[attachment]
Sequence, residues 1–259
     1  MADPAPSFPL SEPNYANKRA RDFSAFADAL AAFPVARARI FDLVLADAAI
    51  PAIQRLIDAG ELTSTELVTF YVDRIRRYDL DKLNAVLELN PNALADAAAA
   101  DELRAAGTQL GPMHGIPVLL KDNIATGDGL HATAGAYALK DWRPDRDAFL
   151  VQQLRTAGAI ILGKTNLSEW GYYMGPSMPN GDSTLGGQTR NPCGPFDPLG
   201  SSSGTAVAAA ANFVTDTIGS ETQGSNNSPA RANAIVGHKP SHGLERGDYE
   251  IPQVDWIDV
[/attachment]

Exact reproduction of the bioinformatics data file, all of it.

Sequence, residues 1–259
     1  MADPAPSFPL SEPNYANKRA RDFSAFADAL AAFPVARARI FDLVLADAAI
    51  PAIQRLIDAG ELTSTELVTF YVDRIRRYDL DKLNAVLELN PNALADAAAA
   101  DELRAAGTQL GPMHGIPVLL KDNIATGDGL HATAGAYALK DWRPDRDAFL
   151  VQQLRTAGAI ILGKTNLSEW GYYMGPSMPN GDSTLGGQTR NPCGPFDPLG
   201  SSSGTAVAAA ANFVTDTIGS ETQGSNNSPA RANAIVGHKP SHGLERGDYE
   251  IPQVDWIDV